September 21, 2006

Cape Henlopen

Sunday we drove out to the end of the Cape. You can just barely see the southern most tip of New Jersey, Cape May on the horizon, across the Delaware Bay. While standing atop the north dune view point in the park we watched one of the Cape May Ferries come out of the Bay and head for South New Jersey. There are two lighthouses, one on the bay, and a second at the border between bay and open-ocean. I loved the one-hundred-eighty-degree panorama view of sand dunes, bay, and ocean. After visiting the tip of the cape, Adam drove us South through the state park to the highest point on the beach between Cape Cod and Cape Hatteras. The dunes rise to a height of almost one hundred-eighty-feet, and we had a spectacular view of the beaches below us, the ocean, and an oil tanker coming into the Delaware Bay.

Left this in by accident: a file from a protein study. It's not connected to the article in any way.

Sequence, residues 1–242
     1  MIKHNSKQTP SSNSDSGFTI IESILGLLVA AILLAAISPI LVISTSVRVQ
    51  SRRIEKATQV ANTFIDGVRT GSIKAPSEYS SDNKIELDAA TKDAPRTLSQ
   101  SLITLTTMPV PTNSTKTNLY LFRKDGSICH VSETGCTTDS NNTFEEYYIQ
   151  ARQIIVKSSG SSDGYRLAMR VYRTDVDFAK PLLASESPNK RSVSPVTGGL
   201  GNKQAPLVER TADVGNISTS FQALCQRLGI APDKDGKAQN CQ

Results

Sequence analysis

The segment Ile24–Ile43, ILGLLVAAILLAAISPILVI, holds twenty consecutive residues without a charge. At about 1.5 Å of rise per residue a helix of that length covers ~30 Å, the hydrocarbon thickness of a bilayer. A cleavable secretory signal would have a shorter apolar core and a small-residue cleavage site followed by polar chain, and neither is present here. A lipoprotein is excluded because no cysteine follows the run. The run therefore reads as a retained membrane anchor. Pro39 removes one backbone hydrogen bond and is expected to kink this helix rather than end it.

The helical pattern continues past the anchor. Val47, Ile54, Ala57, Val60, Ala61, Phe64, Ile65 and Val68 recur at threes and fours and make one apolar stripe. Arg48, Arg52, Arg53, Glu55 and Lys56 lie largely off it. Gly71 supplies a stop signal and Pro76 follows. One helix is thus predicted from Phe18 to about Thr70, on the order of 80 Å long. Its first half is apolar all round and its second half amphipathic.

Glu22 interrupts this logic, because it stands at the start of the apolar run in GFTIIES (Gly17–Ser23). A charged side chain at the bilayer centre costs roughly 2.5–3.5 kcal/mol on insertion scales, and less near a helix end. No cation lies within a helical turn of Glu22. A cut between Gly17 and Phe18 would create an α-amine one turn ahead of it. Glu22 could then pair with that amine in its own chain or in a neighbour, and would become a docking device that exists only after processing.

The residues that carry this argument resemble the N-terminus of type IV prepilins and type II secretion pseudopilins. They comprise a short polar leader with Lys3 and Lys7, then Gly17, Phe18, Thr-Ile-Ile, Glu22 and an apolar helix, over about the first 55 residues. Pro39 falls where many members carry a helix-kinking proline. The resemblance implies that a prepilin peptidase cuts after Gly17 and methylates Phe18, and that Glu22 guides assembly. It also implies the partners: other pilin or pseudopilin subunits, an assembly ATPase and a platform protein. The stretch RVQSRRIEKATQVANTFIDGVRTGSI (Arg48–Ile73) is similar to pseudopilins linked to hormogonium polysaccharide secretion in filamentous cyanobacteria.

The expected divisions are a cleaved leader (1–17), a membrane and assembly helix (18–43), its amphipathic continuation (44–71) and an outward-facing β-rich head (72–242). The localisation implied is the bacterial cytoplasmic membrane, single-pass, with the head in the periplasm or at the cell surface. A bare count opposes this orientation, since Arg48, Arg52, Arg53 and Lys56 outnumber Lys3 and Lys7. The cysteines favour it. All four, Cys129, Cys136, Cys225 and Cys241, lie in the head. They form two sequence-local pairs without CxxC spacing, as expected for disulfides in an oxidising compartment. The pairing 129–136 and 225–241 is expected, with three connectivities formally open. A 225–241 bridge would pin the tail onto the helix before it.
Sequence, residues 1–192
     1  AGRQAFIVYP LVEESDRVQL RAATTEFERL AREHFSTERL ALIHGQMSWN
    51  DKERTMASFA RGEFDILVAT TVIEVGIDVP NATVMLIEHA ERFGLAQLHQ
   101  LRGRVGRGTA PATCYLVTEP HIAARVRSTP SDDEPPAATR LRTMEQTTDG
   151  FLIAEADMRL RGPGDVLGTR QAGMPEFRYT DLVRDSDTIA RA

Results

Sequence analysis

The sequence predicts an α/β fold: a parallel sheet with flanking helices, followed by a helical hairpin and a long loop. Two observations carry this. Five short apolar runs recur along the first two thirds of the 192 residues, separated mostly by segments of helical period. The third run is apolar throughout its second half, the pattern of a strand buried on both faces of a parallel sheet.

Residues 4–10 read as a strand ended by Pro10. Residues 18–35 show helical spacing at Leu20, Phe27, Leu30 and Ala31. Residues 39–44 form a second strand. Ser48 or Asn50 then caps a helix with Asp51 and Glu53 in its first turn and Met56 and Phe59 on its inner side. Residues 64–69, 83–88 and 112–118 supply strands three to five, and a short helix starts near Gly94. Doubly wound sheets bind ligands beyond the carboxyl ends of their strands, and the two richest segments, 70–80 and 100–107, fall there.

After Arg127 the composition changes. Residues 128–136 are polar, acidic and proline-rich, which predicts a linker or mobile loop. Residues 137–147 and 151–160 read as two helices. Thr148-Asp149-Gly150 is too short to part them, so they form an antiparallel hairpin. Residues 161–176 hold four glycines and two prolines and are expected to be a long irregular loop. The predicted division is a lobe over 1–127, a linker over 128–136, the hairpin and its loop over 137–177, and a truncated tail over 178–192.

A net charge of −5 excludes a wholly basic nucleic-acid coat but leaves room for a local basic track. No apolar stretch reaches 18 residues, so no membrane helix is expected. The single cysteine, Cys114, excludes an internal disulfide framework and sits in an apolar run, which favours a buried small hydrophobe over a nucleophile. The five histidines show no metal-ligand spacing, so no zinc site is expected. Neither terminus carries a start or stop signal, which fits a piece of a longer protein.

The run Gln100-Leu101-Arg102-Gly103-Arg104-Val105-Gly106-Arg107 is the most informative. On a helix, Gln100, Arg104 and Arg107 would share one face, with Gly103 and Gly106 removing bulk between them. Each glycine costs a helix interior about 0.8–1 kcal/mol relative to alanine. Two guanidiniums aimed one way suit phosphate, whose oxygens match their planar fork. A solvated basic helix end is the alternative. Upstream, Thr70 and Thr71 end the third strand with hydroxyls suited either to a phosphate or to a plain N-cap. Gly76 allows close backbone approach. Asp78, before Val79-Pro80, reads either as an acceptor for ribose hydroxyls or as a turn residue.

Henlopen State Park was created out of old Fort Miles. There are observation towers throughout the park that were built in order to protect shipping against German U-boats during World War Two. Though they were never actually used for that purpose, they were, however, used to help rescue crews from ships damaged during east coast winter storms. You can even climb one of the towers for a spectacular 360-degree view of the cape, bay, and ocean. Yes, I did climb it, all be it very slowly, and with rests every 10 to 12 steps. All that exercise I have put myself through over the years has paid off. I don’t think too many guys my age could do that climb. I drew a picture of one of the towers at Gordon’s Pond in the Park. I used pastels, and I’ve included it here.

Pastel drawing of World War II Observation Tower

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